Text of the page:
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TUESDAY, June 06, 2023
Death toll nears 300 after five of the ‘Seven Dangerous Days’ of Songkran

Death toll nears 300 after five of the ‘Seven Dangerous Days’ of Songkran

TUESDAY, April 16, 2019

ROAD accidents during the first five days of the Songkran festival have left 297 people dead and 2,807 injured with drunken driving again singled out as the main cause of the accidents, according to the Road Safety Operations Centre (RSOC) on Tuesday.

On Monday alone, the fifth of the “Seven Dangerous Days” of the festive season, 472 accidents across the country claimed 54 lives and left 494 people injured. The northern Chiang Mai province saw the most number of road accidents with 104 cases and also the most number injured while Udon Thani province in the Northeast reported a record 14 deaths, according to the Public Health Ministry’s permanent secretary, Dr Sukhum Kanchanapimai, who heads the centre. 

Death toll nears 300 after five of the ‘Seven Dangerous Days’ of Songkran
The authority blamed drunken driving as the major factor in 40.68 per cent of the total accidents while speeding was responsible for 27.54 per cent. 
As in previous years, most of the accidents – 78.85 per cent – involved motorbikes. About 67 per cent took place in small roads in villages and 37.92 per cent on highways. 
Most of the accidents happened between 4pm and 8pm and most of the victims were people aged above 50. 
Thailand has been plagued by a high number of road accidents and casualties during long holiday breaks and renewed efforts by the authorities every year have done little to improve the situation.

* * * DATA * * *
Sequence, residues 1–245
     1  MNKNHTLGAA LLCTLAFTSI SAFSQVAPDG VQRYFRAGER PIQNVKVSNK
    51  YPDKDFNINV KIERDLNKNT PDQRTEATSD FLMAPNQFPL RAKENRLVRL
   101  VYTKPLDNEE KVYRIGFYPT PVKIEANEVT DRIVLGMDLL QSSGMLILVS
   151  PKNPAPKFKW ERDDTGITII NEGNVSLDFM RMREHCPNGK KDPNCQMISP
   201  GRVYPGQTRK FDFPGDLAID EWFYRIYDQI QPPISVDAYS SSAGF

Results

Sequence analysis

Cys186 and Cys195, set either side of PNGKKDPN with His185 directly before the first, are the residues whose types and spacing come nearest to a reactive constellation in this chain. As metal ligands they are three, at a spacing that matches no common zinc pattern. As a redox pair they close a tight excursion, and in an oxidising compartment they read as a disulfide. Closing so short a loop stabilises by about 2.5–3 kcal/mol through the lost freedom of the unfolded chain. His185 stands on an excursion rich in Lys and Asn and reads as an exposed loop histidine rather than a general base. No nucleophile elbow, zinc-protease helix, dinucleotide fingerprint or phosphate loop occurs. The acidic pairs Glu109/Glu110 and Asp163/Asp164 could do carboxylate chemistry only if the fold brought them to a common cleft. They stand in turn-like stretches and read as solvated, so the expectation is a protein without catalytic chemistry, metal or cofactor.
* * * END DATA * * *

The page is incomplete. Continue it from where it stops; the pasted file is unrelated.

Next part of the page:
The authority set up 2,040 checkpoints with 65,308 officials and volunteers deployed around the clock nationwide. More than one million vehicles were checked at the checkpoints and 235,383 people were charged with traffic law violations such as riding motorbikes without wearing helmets and having no driving licence. 
More than half of the detained 1,814 drivers were found to have a high percentage of alcohol in their blood, according to Dr Sukhum, who added that 33 per cent of them were teenagers. 
“The drivers must have zero alcohol in their blood, otherwise they must not be allowed to operate any vehicle at all,” he said.
The authority prosecuted 8,338 cases of drunken driving during April 11-15 and nearly 400 people were under a one-year probation, according to the chief of the Probation Department, Prasan Mahaleetrakul. 
Officials confiscated 1,166 motorbikes, 457 cars and 2,291 driving licences from those who had violated the traffic laws during the dangerous days.
The authorities have now fully strengthened their road safety operations as the long Songkran holiday season ended on Tuesday, with thousands of commuters set to hit the roads again on their return journey.